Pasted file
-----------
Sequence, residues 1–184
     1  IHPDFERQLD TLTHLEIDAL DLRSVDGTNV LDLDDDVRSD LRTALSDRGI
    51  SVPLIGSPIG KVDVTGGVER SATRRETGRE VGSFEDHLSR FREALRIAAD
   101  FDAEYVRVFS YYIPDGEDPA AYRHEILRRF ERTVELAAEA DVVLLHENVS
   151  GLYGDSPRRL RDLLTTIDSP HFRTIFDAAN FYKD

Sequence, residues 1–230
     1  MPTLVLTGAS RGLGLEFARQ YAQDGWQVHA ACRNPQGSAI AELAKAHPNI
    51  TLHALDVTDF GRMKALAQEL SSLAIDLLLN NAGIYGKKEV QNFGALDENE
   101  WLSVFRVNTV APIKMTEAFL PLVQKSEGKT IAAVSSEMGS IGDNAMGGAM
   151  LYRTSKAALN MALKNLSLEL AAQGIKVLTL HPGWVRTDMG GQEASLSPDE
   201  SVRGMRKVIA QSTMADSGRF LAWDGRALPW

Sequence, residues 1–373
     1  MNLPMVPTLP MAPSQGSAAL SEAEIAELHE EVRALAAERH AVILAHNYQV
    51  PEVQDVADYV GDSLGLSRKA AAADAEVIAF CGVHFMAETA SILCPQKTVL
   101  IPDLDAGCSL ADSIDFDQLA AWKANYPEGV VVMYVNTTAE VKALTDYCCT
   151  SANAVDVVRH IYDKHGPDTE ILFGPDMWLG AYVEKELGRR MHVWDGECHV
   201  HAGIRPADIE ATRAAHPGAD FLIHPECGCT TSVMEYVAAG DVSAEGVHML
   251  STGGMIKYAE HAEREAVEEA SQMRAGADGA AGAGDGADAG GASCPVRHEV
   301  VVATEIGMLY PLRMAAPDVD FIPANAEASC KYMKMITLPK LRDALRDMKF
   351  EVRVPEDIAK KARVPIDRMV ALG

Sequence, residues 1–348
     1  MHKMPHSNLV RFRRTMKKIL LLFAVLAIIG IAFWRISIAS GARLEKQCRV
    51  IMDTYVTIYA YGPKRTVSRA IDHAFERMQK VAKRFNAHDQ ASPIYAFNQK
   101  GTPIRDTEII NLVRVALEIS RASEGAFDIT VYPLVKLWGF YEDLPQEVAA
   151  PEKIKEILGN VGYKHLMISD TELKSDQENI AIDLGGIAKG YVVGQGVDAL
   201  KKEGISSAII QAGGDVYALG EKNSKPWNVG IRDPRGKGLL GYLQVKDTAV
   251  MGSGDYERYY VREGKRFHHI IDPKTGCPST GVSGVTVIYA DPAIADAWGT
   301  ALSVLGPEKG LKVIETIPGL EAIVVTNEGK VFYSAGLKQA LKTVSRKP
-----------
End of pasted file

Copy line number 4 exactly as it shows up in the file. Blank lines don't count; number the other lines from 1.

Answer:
   101  FDAEYVRVFS YYIPDGEDPA AYRHEILRRF ERTVELAAEA DVVLLHENVS